Construction of the long-stalled suspension bridge between Sicily and mainland Italy could start this year following the recent ratification of the design supplied by the original turnkey contractor. At 3,300 m, or more than 10,800 ft, the bridge would break the world span record if construction were to go ahead.

“After the many other ‘Messina Style’ bridges built worldwide, it is now time to build the one over the Strait of Messina,” according to Pietro Ciucci, CEO of the state-owned project sponsor Stretto di Messina SpA (SdM).

With three vehicle lanes in each direction and a central one for a rail, the deck would provide a 1,970-ft-wide navigation channel with 215 ft of headroom. The aerodynamic profile is designed to withstand 180-mph winds and also survive 7.1-magnitude earthquakes.

The bridge is estimated to cost around $5 billion and take some seven years to build. SdM estimates a required workforce of around 4,300 people.

This not the first time SdM has launched the politically controversial project, which was promoted by former prime minister Silvio Berlusconi. SdM in 2005 signed a turnkey contract with the Eurolink consortium.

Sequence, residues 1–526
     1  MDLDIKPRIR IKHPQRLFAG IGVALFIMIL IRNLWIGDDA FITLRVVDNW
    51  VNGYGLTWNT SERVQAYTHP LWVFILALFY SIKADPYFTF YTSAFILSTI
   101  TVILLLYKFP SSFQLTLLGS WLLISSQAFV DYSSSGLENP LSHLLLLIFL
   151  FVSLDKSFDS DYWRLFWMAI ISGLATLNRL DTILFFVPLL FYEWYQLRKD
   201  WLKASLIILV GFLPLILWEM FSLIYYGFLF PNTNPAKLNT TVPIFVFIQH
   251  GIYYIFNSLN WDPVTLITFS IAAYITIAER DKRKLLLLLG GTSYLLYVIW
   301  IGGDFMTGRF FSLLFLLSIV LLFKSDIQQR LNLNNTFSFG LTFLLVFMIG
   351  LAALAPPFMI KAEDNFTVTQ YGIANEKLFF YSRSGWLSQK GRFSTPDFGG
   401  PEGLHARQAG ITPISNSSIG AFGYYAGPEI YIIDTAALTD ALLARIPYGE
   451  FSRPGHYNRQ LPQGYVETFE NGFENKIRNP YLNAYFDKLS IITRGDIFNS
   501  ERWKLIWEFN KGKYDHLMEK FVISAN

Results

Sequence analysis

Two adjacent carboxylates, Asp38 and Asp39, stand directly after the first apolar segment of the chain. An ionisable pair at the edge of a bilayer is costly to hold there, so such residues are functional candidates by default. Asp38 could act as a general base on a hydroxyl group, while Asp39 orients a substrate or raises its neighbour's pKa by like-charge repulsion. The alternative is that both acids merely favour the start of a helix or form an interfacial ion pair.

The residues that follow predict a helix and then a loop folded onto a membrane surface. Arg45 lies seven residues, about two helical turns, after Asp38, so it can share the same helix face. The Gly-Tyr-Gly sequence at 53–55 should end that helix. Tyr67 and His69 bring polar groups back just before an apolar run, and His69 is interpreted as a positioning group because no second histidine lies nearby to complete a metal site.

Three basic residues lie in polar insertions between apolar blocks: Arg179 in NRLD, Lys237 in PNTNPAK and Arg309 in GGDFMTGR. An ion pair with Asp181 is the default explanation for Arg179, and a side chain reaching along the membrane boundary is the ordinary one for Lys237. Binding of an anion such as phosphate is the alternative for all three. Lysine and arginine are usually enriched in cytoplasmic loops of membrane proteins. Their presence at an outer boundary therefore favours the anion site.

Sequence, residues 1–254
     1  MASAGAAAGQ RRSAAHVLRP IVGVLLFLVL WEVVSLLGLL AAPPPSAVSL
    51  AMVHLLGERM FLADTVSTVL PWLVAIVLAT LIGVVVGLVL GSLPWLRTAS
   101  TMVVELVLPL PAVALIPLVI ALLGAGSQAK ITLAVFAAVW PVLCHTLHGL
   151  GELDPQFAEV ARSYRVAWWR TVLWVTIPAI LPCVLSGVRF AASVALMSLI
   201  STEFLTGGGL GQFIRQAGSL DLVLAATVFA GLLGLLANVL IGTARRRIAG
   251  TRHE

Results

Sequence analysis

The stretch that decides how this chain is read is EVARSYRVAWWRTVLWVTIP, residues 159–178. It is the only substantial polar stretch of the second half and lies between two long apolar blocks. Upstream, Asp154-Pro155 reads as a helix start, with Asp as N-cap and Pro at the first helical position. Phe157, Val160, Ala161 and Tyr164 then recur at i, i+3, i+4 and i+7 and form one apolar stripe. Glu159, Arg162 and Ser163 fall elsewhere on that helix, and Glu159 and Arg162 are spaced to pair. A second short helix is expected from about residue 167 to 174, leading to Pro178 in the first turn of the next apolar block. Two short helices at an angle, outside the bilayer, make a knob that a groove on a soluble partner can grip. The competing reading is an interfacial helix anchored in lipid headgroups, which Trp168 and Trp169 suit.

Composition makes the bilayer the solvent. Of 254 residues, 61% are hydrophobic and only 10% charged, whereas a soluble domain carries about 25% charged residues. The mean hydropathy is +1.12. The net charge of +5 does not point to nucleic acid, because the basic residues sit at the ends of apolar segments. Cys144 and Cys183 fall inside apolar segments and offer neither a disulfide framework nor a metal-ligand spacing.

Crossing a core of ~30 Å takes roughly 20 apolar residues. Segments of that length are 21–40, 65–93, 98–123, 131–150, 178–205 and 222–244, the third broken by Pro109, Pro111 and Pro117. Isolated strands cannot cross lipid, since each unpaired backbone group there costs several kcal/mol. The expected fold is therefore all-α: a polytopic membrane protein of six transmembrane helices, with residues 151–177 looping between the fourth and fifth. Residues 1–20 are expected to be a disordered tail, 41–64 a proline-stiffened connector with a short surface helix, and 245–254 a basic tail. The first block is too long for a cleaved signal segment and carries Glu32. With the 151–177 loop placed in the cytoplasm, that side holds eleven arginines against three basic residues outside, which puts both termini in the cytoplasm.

But the project was shelved by a new government in 2006 and revived when Berlusconi returned to power two years later. When the design was approved in 2011, the whole scheme went back on ice to be thawed again last year by another government.

It is that 2011 design, with modifications, that has again been approved. Various official bodies will now review the scheme while SdM establishes a financing plan. The company hopes to secure the go-ahead from the Interministerial Committee for Economic Planning and Sustainable Development by midyear.

Eurolink has remained close to the project through the process. Led by Webuild SpA, the consortium includes, Sacyr, Condotte d’Acqua, CMC, IHI and Consorzio ACI. Denmark’s Cowi A/S with Dissing+Weitling A/S are the team's designers.

Preparing for construction, last year Webuild appointed Gianni De Gennaro as Eurolink’s chair. He has held senior posts in the police and security and chaired the state-controlled Leonardo SpA aerospace and defense conglomerate. 

In a statement, Webuild noted De Gennaro’s “institutional and corporate experience, as well as his unwavering commitment to integrity, transparency, and advancements in security and law.”